Tuesday, September 15, 2009

Chicken soup

To me, a whole chicken is the food that keeps on giving.

I roasted a close to 5 lb. whole chicken on Sunday and fed it to 12 people, 8 of which were adults. Here is what was left.

Monday morning, I pulled the chicken out and pulled off all the edible chicken pieces.

I froze the chicken pieces. I can use it in any recipe calling for cooked chicken or save it for chicken soup.

Next, I took the inner stalks of celery and the celery's leafy tops, 3 carrots that I peeled, and an onion and chunked them all. (I don't see any reason to spend much time in preparation because all these vegetables will be tossed out with the bones.) Note: I have no problem using vegetables that are beyond their prime as long as they're not rotten. Limp celery, limp carrots, strong tasting onions are all just fine.

I dump them into a pot with all the skin, bones, etc. of the leftover chicken plus about a teaspoon of salt, a tablespoon of whole black pepper, and a teaspoon of poultry seasoning. If I want clear broth, I have to leave out the poultry seasoning. It leaves a definite residue in the broth. I then cover the mixture with water.

I then bring it to a boil and let it simmer for 3 hours or so. I know it's ready when virtually everything in the pot is soft and mushy. I have also done this in the crockpot. It will be done in 8 hours or so. Here is the resulting mixture.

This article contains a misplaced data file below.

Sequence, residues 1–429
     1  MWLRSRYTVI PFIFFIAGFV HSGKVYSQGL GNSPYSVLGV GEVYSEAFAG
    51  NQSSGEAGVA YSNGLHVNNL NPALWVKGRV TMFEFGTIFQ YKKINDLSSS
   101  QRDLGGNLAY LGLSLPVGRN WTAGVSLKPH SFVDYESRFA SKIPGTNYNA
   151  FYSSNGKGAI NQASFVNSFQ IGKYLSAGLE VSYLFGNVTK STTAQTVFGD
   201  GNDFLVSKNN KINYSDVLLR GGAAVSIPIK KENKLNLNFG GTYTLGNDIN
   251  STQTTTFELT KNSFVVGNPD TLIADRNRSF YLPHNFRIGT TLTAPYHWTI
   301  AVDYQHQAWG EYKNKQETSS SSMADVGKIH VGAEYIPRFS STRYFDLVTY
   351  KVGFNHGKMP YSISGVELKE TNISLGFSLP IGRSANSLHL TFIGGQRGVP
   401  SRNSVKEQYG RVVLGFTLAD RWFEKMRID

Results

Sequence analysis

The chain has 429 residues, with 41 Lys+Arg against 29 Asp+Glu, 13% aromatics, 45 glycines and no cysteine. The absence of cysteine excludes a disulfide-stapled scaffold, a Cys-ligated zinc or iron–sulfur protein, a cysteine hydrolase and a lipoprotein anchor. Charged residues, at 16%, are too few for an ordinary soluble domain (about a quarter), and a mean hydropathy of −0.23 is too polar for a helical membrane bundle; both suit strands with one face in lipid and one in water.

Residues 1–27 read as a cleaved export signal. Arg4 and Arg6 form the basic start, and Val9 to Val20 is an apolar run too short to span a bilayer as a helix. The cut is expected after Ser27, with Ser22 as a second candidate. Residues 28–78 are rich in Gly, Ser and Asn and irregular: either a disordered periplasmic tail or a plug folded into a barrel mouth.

I strain out the vegetables and bones and toss them.

This is what is left.

The mixture needs to be cooled and refrigerated. Pull it out of the fridge after it is cold. At this point, you'll notice the hardened fat on top of the gelatinous broth. Carefully spoon it off and toss the fat.

Your broth is ready to use or freeze.

I now have what I need for a variety of recipes, but I usually choose to make chicken noodle soup for someone who is sick.

To make soup, I pull the broth out of the freezer and defrost it just a little in the microwave and stick it in a pot and let the heat thaw it the rest of the way. I put nicely sliced celery, carrots and diced onions in the broth and cook until soft. I will add the thawed, cooked chicken and noodles (about 1/4 of a l lb. package) or rice (perhaps 1/2 cup). I cook the rice or noodles in the soup for the time required to cook the item used. The soup is ready to be delivered. This does not make enough to feed an entire family, but is good for the one or two people who are sick.

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